If the pandemic had never happened, the tech industry’s clout likely would have risen over the past year. But the economic effects of Covid-19 have catapulted the tech titans to heights few might have imagined possible a year ago.
The past week of quarterly financial results from Apple Inc., AAPL -1.51% Microsoft Corp. MSFT -0.13% , Amazon.com Inc., AMZN -0.11% Facebook Inc., FB -1.34% and Google-parent Alphabet Inc. put that dominance on vivid display. Each of these companies—already juggernauts pre-pandemic—recorded revenue growth near or above its fastest pace in years.
The quintet set records for sales and profits. Revenue at Apple, the world’s most highly valued company, jumped 54% to the highest level it’s ever hit for the first three months of the year. Amazon logged its fourth straight record quarterly profit—a stretch when its total earnings exceeded those of the previous three years combined.
“Over a year into the pandemic, digital adoption curves aren’t slowing down. They’re accelerating,” said Satya Nadella, chief executive of Microsoft, whose revenue rose 19% in the latest quarter.
The stock market gives a glimpse of just how enormous these companies have become in this extraordinary period: Combined market value for the five Big Tech companies is now over $8 trillion, accounting for nearly a quarter of the total value of the companies in the S&P 500. That is nearly double the percentage five years ago.
Here’s a closer look at the big five, by the numbers:
From January to March, Apple sold $47 billion in iPhones. That was a 66% jump from a year earlier, thanks to new models with next-generation 5G technology. Consumers spent more on the premium iPhones, too, with the average retail price in the U.S. up $52 from a year earlier to $847, according to data from Consumer Intelligence Research Partners LLC.
Microsoft’s workplace-collaboration tool, Teams, now has 145 million daily active users.
That’s almost double the year-ago figure, and up from around 20 million in November 2019. Mr. Nadella has said the pandemic accelerated adoption of a range of digital tools, benefiting its operations from business software to cloud-computing to videogames.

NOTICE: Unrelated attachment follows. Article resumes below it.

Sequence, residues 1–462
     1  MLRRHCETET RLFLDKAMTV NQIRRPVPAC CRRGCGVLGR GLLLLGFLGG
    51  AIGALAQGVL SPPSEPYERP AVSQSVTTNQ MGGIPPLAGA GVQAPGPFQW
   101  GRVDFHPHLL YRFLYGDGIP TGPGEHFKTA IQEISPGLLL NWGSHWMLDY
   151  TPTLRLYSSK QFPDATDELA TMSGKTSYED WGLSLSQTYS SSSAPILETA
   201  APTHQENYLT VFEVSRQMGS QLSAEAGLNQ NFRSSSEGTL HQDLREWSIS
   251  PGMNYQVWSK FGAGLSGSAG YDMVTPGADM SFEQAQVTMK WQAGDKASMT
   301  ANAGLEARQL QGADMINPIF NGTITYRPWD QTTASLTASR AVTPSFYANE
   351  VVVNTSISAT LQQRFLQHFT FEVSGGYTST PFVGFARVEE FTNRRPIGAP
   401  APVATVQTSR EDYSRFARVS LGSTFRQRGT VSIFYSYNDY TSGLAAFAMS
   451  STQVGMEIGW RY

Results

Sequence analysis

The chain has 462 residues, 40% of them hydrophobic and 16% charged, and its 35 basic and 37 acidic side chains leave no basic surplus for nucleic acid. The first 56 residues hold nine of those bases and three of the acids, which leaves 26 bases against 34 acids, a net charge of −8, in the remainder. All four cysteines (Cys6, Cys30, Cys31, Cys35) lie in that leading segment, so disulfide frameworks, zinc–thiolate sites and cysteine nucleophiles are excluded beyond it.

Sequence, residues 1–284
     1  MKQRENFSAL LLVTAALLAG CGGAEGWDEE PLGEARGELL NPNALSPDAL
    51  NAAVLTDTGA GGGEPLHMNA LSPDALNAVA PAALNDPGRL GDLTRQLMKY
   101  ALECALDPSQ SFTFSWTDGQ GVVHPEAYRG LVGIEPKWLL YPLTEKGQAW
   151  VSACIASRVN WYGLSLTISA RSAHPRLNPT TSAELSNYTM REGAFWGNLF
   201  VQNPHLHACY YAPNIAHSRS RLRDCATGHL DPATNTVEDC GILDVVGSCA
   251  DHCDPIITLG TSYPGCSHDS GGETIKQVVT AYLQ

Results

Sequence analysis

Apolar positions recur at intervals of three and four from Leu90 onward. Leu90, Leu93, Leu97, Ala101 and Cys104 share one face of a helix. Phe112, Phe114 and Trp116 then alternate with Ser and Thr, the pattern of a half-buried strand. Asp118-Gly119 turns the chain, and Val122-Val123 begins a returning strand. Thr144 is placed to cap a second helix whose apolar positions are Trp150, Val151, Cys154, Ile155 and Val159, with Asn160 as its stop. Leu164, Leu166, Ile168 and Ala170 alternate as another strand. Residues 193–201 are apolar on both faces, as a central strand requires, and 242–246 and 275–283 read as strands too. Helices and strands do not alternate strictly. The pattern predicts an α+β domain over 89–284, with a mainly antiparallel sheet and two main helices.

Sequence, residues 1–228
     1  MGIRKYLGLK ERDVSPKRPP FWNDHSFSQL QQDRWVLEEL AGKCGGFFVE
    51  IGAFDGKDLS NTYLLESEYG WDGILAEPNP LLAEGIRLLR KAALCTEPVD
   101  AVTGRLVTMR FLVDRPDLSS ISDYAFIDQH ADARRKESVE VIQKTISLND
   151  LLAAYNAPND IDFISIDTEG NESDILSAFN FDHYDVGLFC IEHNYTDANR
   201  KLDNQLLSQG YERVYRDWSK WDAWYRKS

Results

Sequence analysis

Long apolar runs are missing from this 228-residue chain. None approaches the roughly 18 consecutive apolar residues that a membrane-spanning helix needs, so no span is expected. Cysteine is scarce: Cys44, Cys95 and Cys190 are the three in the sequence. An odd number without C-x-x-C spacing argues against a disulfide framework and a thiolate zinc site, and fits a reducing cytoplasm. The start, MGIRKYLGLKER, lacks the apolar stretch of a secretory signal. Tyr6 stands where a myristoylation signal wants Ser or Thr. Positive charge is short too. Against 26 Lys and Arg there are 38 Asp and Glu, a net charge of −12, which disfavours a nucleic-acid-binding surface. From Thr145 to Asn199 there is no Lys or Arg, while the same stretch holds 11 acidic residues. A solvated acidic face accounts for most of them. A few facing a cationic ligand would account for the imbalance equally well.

The e-commerce giant now has 950,000 U.S. employees, compared with 500,000 about a year ago.
The company hired at a brisk pace to meet pandemic-induced demand for essential goods and shorten delivery times. Amazon is now the country’s second-largest non-government employer after Walmart Inc., and it said this past week it is hiring for tens of thousands of positions across the country.
Advertising revenue grew 49% in the latest quarter at YouTube, the video arm of Google.
YouTube became the nation’s entertainment hub during a stay-at-home year, attracting so many viewers that its ad sales hit $6 billion in the quarter, just 16% less than Netflix Inc. generated for the period. Google squeezed more money out of brands with new ad formats that enable direct purchases within YouTube during commercials.
Facebook, Instagram, Messenger or WhatsApp were used at least once by 3.45 billion people within the last month.
That’s up nearly a sixth from the 2.99 billion figure a year earlier. As people stuck at home lived more of their lives online and sought out more information and interaction, the company’s seemingly ubiquitous reach grew even further.
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Appeared in the May 1, 2021, print edition as ‘In Tech, There’s Regular-Big And There’s Pandemic-Big.’